Improving the accuracy of template-based predictions by mixing and matching between initial models
Department of Microbiology, University of Washington, School of Medicine, Seattle, WA 98195, USA
BMC Structural Biology 2008, 8:24 doi:10.1186/1472-6807-8-24Published: 5 May 2008
Comparative modeling is a technique to predict the three dimensional structure of a given protein sequence based primarily on its alignment to one or more proteins with experimentally determined structures. A major bottleneck of current comparative modeling methods is the lack of methods to accurately refine a starting initial model so that it approaches the resolution of the corresponding experimental structure. We investigate the effectiveness of a graph-theoretic clique finding approach to solve this problem.
Our method takes into account the information presented in multiple templates/alignments at the three-dimensional level by mixing and matching regions between different initial comparative models. This method enables us to obtain an optimized conformation ensemble representing the best combination of secondary structures, resulting in the refined models of higher quality. In addition, the process of mixing and matching accumulates near-native conformations, resulting in discriminating the native-like conformation in a more effective manner. In the seventh Critical Assessment of Structure Prediction (CASP7) experiment, the refined models produced are more accurate than the starting initial models.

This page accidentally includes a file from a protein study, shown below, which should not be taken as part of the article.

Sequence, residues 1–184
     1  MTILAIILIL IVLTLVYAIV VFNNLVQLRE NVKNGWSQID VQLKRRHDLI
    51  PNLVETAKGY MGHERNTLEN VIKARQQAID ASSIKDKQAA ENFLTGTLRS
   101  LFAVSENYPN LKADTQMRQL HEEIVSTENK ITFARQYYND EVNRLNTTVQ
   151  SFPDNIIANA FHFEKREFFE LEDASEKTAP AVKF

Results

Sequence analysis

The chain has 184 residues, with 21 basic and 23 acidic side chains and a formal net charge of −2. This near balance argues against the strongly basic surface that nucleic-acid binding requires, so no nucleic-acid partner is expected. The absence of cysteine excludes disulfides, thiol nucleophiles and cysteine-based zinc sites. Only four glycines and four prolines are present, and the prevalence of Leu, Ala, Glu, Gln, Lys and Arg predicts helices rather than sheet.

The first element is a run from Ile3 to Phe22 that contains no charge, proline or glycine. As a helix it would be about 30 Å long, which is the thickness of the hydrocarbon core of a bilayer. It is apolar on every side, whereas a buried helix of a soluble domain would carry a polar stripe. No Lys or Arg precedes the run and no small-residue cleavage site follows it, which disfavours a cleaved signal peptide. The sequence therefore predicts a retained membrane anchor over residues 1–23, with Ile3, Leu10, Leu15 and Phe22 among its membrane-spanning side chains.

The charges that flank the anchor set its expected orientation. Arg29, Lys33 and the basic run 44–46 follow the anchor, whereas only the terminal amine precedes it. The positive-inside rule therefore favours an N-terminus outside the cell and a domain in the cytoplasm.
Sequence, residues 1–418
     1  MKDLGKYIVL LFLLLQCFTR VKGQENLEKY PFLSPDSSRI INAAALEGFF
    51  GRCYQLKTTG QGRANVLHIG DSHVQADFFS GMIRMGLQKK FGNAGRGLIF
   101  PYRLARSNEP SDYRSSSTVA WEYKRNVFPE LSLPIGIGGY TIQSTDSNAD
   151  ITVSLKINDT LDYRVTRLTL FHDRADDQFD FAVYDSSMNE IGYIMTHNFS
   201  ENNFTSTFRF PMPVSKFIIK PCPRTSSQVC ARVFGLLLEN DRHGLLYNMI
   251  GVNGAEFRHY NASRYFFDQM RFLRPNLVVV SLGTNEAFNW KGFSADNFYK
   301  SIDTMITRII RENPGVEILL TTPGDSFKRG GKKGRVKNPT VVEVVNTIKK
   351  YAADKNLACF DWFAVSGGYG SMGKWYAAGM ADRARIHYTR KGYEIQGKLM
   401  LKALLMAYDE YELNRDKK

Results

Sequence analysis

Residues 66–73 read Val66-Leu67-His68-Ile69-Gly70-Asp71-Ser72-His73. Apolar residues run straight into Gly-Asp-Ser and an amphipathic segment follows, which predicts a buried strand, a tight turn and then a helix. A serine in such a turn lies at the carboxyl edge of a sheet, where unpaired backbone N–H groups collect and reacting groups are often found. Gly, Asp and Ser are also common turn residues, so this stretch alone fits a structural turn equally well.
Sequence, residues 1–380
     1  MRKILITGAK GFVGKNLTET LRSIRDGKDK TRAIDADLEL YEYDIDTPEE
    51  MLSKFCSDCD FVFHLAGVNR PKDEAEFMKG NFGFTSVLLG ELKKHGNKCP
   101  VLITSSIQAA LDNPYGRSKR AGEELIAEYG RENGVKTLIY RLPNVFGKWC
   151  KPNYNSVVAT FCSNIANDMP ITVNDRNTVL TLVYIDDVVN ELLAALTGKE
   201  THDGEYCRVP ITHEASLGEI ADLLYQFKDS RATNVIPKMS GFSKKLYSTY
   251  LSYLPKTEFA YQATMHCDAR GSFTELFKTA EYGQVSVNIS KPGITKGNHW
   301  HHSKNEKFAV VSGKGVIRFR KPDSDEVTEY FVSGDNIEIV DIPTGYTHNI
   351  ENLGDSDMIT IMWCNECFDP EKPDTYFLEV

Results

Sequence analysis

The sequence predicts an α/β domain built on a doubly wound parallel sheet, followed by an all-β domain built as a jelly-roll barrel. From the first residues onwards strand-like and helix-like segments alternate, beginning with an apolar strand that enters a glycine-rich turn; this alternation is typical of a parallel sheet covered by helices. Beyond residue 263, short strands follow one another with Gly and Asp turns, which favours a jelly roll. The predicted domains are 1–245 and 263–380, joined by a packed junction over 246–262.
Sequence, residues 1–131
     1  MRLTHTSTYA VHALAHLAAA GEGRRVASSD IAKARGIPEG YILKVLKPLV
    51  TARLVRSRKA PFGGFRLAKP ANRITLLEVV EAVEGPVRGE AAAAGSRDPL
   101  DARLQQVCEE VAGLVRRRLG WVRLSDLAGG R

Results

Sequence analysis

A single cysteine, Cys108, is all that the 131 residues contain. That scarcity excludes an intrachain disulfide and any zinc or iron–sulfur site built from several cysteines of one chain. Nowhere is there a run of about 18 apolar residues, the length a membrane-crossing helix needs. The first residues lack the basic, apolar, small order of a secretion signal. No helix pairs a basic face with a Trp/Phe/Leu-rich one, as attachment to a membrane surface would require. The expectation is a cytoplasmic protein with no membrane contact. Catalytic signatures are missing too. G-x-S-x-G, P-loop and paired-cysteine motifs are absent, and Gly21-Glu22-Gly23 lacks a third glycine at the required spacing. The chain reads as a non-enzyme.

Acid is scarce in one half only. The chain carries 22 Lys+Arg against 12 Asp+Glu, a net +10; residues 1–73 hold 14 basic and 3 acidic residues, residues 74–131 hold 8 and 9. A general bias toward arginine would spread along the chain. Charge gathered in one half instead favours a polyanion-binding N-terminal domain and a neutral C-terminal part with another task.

This novel approach can be applied without any manual intervention to improve the quality of comparative predictions where multiple template/alignment combinations are available for modeling, producing conformational models of higher quality than the starting initial predictions.